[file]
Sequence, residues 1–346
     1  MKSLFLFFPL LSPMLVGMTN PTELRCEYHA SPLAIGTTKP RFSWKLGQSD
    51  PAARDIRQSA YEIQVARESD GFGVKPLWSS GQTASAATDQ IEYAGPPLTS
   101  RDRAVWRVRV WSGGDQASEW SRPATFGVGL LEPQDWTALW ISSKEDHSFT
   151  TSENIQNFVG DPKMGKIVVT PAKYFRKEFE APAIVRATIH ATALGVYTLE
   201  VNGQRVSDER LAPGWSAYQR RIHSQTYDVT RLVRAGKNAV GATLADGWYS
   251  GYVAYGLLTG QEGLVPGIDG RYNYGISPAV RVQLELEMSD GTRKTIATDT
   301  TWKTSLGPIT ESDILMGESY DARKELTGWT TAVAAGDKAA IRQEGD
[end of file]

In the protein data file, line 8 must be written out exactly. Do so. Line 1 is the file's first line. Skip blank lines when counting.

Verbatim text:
   301  TWKTSLGPIT ESDILMGESY DARKELTGWT TAVAAGDKAA IRQEGD